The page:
History and Historiography

The Confederacy Was an Antidemocratic, Centralized State

Unlike the “Union,” whose principal task was Westward expansion and Native American genocide. The Unionists didn’t want the Confederates to take their slaves westward because northern industrialists employing wage labor didn’t want to have to compete with slave labor. And there were plenty of Unionists who didn’t want any blacks in the country period, not even as slaves.

Of course, we have a thriving decentralized, direct democracy in the US today, which is downright Bookchinite if not Kropotkinist. It figures an article this stupid would appear The Atlantic, the Voice of Latte Liberalism.

By Stephanie McCurry

The Atlantic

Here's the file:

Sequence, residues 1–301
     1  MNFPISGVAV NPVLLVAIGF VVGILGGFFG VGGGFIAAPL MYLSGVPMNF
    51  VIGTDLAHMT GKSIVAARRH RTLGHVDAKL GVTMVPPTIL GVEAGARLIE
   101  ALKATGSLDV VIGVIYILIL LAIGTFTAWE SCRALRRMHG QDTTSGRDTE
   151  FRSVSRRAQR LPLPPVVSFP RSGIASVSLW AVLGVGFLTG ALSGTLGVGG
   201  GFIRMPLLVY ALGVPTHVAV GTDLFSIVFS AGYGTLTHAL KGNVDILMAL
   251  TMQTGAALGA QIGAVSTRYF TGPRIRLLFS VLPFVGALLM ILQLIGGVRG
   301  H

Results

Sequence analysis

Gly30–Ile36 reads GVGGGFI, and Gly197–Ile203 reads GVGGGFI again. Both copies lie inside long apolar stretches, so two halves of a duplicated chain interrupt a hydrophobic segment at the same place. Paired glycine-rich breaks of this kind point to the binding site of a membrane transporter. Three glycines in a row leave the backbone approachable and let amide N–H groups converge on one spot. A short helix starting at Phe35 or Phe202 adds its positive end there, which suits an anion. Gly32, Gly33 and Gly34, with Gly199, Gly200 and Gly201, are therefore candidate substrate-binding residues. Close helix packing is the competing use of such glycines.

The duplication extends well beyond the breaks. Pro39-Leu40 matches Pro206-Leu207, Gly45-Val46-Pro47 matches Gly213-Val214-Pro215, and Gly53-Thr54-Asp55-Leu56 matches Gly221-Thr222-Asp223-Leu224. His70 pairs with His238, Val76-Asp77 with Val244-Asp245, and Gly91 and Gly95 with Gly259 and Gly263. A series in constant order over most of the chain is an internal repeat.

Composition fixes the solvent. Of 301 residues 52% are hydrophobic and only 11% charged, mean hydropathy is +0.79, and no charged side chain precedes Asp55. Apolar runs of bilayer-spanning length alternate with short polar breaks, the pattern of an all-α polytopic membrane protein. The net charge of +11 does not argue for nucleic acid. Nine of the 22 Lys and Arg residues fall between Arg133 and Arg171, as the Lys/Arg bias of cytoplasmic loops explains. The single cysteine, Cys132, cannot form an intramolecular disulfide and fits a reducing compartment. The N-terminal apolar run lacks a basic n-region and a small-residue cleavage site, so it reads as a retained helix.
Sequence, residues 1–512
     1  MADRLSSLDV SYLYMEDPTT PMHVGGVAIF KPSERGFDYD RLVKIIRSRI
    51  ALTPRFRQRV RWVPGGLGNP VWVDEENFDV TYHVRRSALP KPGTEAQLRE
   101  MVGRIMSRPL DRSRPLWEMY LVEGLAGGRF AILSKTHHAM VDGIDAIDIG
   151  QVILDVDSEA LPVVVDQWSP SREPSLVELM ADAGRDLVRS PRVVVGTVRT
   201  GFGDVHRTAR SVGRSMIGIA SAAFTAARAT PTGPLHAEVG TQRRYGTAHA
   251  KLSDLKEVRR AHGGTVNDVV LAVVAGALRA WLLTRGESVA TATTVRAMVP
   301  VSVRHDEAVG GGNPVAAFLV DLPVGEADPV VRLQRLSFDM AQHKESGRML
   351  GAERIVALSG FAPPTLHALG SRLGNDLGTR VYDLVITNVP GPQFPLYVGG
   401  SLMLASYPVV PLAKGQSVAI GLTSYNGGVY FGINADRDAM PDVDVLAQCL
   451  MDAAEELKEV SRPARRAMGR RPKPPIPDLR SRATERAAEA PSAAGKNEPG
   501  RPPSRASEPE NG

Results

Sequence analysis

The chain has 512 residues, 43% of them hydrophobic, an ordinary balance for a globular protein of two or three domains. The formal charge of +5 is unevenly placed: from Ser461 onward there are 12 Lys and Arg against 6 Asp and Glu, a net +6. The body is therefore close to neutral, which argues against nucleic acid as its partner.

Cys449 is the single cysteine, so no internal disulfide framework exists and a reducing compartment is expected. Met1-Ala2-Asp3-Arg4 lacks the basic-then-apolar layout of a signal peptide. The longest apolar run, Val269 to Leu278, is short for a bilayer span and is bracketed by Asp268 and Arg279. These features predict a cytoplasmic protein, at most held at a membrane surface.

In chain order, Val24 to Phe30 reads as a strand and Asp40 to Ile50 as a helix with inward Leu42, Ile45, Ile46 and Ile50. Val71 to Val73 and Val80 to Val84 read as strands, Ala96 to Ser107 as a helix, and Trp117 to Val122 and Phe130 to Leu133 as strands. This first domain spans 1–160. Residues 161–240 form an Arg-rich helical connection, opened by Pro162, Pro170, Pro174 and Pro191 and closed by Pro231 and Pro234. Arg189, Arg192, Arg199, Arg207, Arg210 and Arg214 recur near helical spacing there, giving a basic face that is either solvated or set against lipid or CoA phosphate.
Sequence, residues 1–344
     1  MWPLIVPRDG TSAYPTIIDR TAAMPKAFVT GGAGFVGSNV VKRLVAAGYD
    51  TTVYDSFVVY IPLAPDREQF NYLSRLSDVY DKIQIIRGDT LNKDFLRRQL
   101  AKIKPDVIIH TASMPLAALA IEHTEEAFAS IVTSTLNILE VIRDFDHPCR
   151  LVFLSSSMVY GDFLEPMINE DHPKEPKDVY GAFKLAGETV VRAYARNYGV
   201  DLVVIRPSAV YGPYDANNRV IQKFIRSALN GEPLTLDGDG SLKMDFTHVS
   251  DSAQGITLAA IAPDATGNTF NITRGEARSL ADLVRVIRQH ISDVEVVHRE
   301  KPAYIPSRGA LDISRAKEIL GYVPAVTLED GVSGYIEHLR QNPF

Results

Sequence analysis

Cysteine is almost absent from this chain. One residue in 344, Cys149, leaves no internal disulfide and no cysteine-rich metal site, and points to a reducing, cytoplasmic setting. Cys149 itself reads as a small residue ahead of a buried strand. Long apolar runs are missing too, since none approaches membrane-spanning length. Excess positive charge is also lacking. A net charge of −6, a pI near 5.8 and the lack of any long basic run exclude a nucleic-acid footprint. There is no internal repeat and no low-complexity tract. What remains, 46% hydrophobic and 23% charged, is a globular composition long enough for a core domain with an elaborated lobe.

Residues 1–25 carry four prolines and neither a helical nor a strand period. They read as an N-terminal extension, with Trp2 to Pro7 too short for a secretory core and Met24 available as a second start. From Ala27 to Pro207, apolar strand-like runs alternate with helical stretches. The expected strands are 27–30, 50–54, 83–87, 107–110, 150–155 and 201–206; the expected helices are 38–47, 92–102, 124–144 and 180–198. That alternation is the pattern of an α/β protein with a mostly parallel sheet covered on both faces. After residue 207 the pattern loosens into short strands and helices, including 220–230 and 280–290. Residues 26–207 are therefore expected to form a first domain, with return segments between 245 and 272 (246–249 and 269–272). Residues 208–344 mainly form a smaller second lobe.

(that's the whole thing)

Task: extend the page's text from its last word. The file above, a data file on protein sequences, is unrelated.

Americans are now debating the fate of memorials to the Confederacy—statues, flags, and names on Army bases, streets, schools, and college dormitories. A century and a half of propaganda has successfully obscured the nature of the Confederate cause and its bloody history, wrapping it in myth. But the Confederacy is not part of “our American heritage,” as President Donald Trump recently claimed, nor should it stand as a libertarian symbol of small government and resistance to federal tyranny. For the four years of its existence, until it was forced to surrender, the Confederate States of America was a pro-slavery nation at war against the United States. The C.S.A. was a big, centralized state, devoted to securing a society in which enslavement to white people was the permanent and inherited condition of all people of African descent.


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